Link to more information about the Program Install and Uninstall Troubleshooting Tool

There is a new general-purpose installation troubleshooting tool called the Program Install and Uninstall Troubleshooting Tool that has been available on the Microsoft support site for a little while, and I want to post some information about this tool to help make it easier for people to find it.

This tool is conceptually similar to the .NET Framework cleanup tool, but it is more generic and can be used to clean up any MSI-based installation on a computer.  It also performs more robust back-up steps prior to cleaning up in case you need to roll back to a previous state.

Where to download the Program Install and Uninstall Troubleshooting Tool

You can find more information about the Program Install and Uninstall Troubleshooting Tool and download it from the following locations:

Summary information about the tool

The Program Install and Uninstall Troubleshooting Tool can be used to automatically diagnose problems that can prevent installing and uninstalling programs on your computer.  It can help resolve some errors that prevent programs from uninstalling, installing or updating correctly.  Here is a list of issues that this tool is currently able to fix:

  • Resolves some problems that can prevent programs from being successfully uninstalled (which can block re-installations and update installation).
  • Removes an incorrect registry key that can cause some installers to fail on 64-bit operating systems.
  • Fixes corrupted patch data in Windows Installer registry keys.

This tool is designed as a last resort for cases where install, uninstall, repair or patch installation did not succeed for unusual reasons. It is not a substitute for the standard uninstall procedure.  You should use only use this tool to uninstall a program if the program fails to uninstall using the entry in the Programs and Features control panel.

More details about how the tool works

The Program Install and Uninstall Troubleshooting Tool does the following behind the scenes when you use it to uninstall a program:

  • Creates a system restore point prior to removing program files and registry entries.  This restore point can be used to return the computer to the state prior to any action taken by the tool.
  • Makes back-up copies of all files and registry entries that it will remove to a folder under c:\MATS\<ProductCode>.
  • Backs up files in sub-folders that correspond to the system drive letters.  For example: c:\MATS\<ProductCode>\FileBackup\c\...
  • Backs up registry information in an XML file. 
  • Creates a PowerShell script that can be used to automatically restore file and registry information deleted by the tool.  The PowerShell script will be located at C:\MATS\<ProductCode>\RestoreYourFilesAndRegistry.ps1, and you can double-click on it to run it if you have PowerShell installed.
  • Stores additional information in the registry about actions that it has taken.  This information can be found at the following location:


    The most useful piece of information stored at this location in the registry is the return value received when MATS attempted to run msiexec /x to uninstall the product.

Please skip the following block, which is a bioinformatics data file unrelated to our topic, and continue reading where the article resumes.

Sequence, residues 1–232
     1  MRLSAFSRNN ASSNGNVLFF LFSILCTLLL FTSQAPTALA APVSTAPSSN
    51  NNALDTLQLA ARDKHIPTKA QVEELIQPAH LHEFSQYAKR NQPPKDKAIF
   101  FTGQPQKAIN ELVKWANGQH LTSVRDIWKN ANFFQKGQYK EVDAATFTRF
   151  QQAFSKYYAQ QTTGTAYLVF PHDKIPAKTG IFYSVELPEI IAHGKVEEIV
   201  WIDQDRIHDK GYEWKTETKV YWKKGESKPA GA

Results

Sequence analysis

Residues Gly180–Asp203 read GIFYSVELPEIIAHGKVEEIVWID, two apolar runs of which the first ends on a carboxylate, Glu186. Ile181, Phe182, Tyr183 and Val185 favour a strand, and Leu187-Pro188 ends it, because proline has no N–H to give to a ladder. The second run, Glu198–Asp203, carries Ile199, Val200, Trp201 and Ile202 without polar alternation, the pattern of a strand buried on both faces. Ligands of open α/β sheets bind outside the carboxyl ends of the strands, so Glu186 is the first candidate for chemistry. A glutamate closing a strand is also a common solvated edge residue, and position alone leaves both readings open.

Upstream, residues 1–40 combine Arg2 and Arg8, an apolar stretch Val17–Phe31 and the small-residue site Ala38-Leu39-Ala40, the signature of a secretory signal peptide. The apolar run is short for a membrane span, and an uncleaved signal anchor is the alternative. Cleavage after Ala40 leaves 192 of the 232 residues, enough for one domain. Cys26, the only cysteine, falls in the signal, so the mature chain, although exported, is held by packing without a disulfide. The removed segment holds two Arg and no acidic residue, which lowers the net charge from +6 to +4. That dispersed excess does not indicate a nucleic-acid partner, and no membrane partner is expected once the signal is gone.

The Program Install and Uninstall Troubleshooting Tool requires Windows Installer product codes in order to know what file and registry information to remove from the computer.  For programs that are listed in the tool UI, the product code will appear as a tool tip when you mouse over the product name.  If you choose the Not Listed option in the tool UI, you can use a tool like MsiInv to determine the product code.

Comments (23)
  1. Chris says:

    Hi Aaron,

    is this tool the successor of msicuu2.exe – does it provide the same functionality? Does it also resolve SXS problems seen in CBS.log (e.g. ERROR_SXS_COMPONENT_STORE_CORRUPT or others). We often have a lot of trouble with SXS issues when installing MS components at out customers.



  2. Hi Chris – Yes, this tool is a replacement for msicuu2.exe.  There is a note in the knowledge base article at…/2438651 that mentions that tool.

    This tool only resolves MSI installation issues.  For SXS issues, the best option I know of is the System Update Readiness Tool described at…/947821.

  3. Sascha says:

    I tried to run the tool on my Vista machine but get an error message stating that required Microsoft Fix-it components could not be installed. There is no error code shown.

    Does the tool require network access? I'm behind a corporate firewall so this might be the cause.

  4. Hi Sascha – I talked to the team that created this tool, and they sent me the following information about this scenario:

    If you download the tool from a location that's not behind a firewall, you can click the Advanced option link, then click the Download button.  This will allow you to run the tool in an offline scenario.  The tool will download all the components that it needs and you can copy them to a USB stick or an internal network share.

  5. moiz says:

    i want a microsoftfixit product code ??? plz give me

  6. Hi Moiz – I'm sorry, but I'm not sure what you're asking for.  I don't know what a fixit product code is.  Could you please provide more details about the exact problem you're seeing and I'll see if I can help?

  7. Owen says: